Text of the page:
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Individual Highlight

Spatial Variability of Tree Growth in the Interior West

Photo of (a) Location and species of tree-ring data collected on Forest Inventory and Analysis plots (n=2,949), (b) relationship between growth variability and latitude, (c) longitude, and (d) elevation. U.S. Department of Agriculture Forest Service.(a) Location and species of tree-ring data collected on Forest Inventory and Analysis plots (n=2,949), (b) relationship between growth variability and latitude, (c) longitude, and (d) elevation. U.S. Department of Agriculture Forest Service.Snapshot : A fundamental goal of biogeography is to understand the factors that drive spatial and temporal variability in forest growth across large areas. The Interior West Forest Inventory and Analysis program collected tree-ring data from thousands of plots that can be used to investigate controls on growth variability. Understanding the factors that control growth are important for managing species that could exhibit range shifts in response to climate warming.

Principal Investigators(s) :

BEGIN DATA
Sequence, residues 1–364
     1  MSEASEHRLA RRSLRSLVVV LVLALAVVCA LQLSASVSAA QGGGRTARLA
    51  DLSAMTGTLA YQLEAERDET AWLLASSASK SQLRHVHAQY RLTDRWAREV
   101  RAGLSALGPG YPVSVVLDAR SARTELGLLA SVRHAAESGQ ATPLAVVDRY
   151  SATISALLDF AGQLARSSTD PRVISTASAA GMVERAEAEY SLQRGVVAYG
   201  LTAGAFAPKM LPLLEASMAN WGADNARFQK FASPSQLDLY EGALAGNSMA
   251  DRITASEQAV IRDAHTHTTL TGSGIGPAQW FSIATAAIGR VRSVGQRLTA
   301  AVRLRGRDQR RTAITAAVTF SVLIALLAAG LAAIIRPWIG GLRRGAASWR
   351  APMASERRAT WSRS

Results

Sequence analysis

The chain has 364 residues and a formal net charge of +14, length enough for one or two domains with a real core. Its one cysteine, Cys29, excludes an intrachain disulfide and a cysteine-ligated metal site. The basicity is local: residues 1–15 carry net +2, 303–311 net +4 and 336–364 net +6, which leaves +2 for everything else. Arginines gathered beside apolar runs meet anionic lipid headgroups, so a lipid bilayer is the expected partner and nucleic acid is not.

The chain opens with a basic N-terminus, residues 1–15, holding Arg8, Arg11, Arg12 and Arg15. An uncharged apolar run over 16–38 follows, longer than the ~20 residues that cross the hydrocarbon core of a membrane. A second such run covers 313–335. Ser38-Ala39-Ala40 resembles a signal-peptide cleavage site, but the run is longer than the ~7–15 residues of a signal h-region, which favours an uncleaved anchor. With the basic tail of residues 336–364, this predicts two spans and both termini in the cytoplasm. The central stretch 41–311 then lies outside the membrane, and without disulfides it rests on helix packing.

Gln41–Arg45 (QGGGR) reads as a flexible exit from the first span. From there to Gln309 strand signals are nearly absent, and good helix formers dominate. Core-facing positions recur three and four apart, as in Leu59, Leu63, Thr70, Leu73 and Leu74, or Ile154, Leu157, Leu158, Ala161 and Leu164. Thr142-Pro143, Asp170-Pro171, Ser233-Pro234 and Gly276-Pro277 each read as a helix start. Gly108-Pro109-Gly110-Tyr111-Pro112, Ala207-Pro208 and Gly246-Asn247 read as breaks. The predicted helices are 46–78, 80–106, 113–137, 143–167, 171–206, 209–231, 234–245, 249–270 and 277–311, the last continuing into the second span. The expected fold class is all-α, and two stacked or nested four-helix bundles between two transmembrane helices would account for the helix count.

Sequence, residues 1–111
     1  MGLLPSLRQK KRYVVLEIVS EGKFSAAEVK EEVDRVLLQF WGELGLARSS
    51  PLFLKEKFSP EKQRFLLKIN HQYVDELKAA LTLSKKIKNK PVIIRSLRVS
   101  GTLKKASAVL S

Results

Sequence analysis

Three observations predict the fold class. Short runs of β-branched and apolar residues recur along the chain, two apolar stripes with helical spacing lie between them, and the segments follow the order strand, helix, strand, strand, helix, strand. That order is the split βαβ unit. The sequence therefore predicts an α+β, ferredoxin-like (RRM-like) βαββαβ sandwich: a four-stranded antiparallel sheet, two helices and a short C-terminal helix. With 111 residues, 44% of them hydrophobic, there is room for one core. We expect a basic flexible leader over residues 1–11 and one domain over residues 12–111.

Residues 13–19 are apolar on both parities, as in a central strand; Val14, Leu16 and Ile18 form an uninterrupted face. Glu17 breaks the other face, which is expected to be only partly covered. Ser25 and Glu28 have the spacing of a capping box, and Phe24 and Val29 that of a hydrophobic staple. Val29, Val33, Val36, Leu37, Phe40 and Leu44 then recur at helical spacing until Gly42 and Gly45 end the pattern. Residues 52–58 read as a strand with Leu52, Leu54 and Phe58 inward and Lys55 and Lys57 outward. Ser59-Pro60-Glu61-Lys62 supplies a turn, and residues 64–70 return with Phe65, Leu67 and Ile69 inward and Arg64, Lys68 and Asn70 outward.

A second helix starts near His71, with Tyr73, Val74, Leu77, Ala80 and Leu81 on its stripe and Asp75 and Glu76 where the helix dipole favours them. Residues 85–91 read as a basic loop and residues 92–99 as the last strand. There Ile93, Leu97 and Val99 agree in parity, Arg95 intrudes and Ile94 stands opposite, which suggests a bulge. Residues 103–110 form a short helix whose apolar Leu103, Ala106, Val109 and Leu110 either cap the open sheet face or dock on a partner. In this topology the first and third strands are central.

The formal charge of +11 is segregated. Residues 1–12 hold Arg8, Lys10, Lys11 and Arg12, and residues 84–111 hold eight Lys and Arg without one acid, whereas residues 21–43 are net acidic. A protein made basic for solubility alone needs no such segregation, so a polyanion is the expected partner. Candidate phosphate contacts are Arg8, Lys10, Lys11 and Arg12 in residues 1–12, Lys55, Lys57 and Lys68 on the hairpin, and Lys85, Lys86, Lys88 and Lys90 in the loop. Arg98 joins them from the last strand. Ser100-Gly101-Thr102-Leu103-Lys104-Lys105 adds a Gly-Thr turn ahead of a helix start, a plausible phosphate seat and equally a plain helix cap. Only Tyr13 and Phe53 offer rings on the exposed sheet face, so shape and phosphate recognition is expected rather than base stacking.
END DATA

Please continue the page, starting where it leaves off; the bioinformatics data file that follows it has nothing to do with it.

DeRose, R. JustinShaw, John D.
Research Location : Interior West: Colorado, Idaho, Montana, Utah, Wyoming
Research Station : Rocky Mountain Research Station (RMRS)
Year : 2016
Highlight ID : 1051

Summary

To test for possible controls on tree growth variability, individual tree-ring data from Forest Inventory and Analysis plots were paired with other plot-level data such as elevation, longitude and latitude. This analysis used almost 3,000 Douglas-fir, ponderosa pine, pinyon, and limber pine from Idaho, Montana, Wyoming, Utah, and Colorado, spanning 12 degrees of latitude, and 15 degrees of longitude.

Contrary to widely held beliefs, Forest Service researchers found no relationship between growth variability and elevation or latitude for all the species examined. There was a positive relationship found between growth variability and longitude, with more variability from west to east. The longitude relationship was largely driven by the presence of ponderosa pine and Douglas-fir in the easternmost forests of the Interior West.

Forest Service Partners

External Partners

 
  • James N. Long, Utah State University
  • Simon Wang, Utah State University